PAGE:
Television in Transition, a View from the Margins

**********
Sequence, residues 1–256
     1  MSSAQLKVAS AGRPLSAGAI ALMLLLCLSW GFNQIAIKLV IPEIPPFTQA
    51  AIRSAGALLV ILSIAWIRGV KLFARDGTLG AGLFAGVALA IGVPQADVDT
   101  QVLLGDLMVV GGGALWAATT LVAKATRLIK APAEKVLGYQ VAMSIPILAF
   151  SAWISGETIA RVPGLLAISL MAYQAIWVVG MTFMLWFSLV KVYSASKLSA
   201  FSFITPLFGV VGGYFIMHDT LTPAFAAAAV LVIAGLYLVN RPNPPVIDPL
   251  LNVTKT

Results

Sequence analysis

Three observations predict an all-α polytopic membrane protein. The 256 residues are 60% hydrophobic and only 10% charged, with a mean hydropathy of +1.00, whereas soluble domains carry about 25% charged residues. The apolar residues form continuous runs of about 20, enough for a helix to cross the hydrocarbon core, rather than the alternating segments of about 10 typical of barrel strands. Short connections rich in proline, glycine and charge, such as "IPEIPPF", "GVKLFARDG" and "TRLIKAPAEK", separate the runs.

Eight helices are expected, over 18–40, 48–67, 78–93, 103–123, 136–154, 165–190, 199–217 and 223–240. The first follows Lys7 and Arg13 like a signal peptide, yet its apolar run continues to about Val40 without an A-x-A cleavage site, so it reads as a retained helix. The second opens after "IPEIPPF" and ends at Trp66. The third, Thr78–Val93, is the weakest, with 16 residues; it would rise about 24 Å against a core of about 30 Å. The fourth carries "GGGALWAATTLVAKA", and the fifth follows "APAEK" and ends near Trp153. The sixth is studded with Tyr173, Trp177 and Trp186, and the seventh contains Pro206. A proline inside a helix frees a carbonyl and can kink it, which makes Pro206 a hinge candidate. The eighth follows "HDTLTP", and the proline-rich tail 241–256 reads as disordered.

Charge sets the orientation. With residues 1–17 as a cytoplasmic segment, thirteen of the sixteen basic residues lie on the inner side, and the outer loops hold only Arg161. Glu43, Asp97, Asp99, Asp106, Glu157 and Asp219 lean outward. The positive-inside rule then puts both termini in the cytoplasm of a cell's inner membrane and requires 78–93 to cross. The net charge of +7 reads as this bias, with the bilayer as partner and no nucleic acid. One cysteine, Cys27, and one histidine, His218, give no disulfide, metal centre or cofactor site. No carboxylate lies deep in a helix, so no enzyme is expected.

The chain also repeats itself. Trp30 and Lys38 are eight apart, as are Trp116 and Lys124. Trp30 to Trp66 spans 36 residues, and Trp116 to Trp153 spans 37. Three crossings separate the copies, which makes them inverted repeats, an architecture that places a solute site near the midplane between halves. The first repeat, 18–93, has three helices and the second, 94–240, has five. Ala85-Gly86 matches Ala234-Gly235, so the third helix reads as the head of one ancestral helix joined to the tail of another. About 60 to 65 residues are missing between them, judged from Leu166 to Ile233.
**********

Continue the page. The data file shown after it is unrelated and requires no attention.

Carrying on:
In television and new media studies, it has become customary to attribute a special political significance to the expansion of choice. Implicit in much of the theorising of convergence culture is the proposition that the expansion of choice directly enables a new level of empowerment for the individual consumer, as if the answer to the power of the media production industries lies simply in their technical diversification. Among the most familiar lines of argument used to define the specific attributes of the experience of television include an emphasis on ‘liveness’, and on ‘sharedness’. With ‘liveness’, the immediacy of live television is regarded as fundamental even though, once the capacity to record and replay was developed, so much television (particularly prime-time) is pre-recorded. The online pattern of consumption is highly individualized, through personal choices taken from extensive menus or playlists, calling up a more fragmented and atomized audience than that which is gathered by broadcast television.